↓ Skip to main content

Cochrane Database of Systematic Reviews

Interventions for the treatment of oral and oropharyngeal cancers: targeted therapy and immunotherapy

Overview of attention for article published in Cochrane database of systematic reviews, December 2015
Altmetric Badge

About this Attention Score

  • In the top 5% of all research outputs scored by Altmetric
  • High Attention Score compared to outputs of the same age (96th percentile)
  • High Attention Score compared to outputs of the same age and source (83rd percentile)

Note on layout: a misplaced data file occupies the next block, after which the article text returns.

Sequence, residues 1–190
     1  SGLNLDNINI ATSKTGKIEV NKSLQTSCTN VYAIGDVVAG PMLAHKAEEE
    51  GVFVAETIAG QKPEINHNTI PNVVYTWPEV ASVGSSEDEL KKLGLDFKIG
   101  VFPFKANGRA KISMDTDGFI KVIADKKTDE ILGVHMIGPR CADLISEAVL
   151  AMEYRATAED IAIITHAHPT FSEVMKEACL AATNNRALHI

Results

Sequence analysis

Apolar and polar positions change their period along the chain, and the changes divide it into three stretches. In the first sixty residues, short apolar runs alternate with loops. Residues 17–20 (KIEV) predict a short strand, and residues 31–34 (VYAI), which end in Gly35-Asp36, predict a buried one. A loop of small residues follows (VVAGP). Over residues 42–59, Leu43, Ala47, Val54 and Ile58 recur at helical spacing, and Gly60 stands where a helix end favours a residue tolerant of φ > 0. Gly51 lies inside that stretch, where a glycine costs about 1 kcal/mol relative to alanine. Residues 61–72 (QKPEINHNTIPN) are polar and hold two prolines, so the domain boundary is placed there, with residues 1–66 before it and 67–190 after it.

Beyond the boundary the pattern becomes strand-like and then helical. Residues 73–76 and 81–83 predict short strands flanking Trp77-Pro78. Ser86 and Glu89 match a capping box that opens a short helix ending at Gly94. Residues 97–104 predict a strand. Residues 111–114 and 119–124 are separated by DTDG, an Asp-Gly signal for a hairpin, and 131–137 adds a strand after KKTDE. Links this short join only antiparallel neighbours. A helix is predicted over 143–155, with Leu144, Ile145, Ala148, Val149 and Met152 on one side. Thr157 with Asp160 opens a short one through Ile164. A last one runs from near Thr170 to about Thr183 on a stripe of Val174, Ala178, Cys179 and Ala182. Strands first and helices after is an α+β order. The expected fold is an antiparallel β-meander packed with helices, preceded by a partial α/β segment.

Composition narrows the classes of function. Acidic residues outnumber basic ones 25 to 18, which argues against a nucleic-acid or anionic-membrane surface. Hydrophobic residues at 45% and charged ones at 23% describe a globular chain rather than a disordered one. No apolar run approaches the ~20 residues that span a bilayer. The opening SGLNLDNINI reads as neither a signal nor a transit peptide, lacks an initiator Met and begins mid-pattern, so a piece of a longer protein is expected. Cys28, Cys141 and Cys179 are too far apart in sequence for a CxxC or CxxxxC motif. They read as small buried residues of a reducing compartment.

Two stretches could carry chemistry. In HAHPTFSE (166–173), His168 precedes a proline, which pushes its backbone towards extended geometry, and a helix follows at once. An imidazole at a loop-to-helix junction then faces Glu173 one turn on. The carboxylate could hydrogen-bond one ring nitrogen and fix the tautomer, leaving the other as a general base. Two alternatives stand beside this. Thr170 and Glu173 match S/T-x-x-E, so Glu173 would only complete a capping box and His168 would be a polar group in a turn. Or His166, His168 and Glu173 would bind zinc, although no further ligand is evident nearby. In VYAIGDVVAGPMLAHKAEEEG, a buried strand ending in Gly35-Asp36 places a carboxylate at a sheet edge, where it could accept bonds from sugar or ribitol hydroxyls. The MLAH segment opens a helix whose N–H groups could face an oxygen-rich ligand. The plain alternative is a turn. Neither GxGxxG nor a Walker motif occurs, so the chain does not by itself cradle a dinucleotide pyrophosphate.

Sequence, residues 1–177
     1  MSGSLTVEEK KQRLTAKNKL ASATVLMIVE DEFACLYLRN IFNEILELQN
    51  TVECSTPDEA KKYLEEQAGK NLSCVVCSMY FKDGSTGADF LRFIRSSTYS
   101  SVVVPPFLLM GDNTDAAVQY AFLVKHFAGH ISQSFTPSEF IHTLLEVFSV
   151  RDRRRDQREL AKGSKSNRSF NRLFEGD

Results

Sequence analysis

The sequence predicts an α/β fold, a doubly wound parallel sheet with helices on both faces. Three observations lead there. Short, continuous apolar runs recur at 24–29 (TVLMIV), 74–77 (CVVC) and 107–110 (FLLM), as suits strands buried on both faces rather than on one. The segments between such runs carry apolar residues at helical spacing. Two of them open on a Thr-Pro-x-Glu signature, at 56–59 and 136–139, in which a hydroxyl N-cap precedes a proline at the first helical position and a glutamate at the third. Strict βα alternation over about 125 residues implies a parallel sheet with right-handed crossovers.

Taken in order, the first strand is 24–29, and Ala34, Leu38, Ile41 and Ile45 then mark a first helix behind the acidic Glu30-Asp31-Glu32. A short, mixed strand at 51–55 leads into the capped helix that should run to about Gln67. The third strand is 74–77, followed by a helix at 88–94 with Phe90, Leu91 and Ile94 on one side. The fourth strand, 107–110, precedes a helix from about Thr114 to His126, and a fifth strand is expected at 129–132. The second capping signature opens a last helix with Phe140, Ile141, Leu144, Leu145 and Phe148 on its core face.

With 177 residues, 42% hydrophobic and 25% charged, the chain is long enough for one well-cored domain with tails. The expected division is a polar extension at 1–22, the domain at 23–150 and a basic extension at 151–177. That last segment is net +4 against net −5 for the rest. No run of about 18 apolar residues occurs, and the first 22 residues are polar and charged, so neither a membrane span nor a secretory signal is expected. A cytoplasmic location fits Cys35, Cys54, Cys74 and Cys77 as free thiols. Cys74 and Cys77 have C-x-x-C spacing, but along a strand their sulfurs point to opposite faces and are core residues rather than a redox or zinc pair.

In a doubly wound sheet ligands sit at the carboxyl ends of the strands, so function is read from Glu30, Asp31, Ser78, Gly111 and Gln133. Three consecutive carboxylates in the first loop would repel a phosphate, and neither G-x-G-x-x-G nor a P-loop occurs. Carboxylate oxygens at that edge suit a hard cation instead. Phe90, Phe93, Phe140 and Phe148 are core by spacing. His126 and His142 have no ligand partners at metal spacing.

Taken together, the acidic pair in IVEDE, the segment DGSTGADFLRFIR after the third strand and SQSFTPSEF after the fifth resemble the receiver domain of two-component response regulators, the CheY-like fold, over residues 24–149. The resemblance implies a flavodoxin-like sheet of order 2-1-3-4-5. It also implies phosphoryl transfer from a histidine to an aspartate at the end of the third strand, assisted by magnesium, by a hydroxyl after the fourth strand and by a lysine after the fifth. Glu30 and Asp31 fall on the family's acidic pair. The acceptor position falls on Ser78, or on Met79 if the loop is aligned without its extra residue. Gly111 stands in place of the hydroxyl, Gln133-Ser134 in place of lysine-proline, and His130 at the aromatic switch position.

Mentioned by

blogs
2 blogs
twitter
57 tweeters
facebook
1 Facebook page
wikipedia
2 Wikipedia pages

Citations

dimensions_citation
29 Dimensions

Readers on

mendeley
241 Mendeley
Title
Interventions for the treatment of oral and oropharyngeal cancers: targeted therapy and immunotherapy
Published in
Cochrane database of systematic reviews, December 2015
DOI 10.1002/14651858.cd010341.pub2
Pubmed ID
Authors

Kelvin KW Chan, Anne-Marie Glenny, Jo C Weldon, Susan Furness, Helen V Worthington, Helen Wakeford

Abstract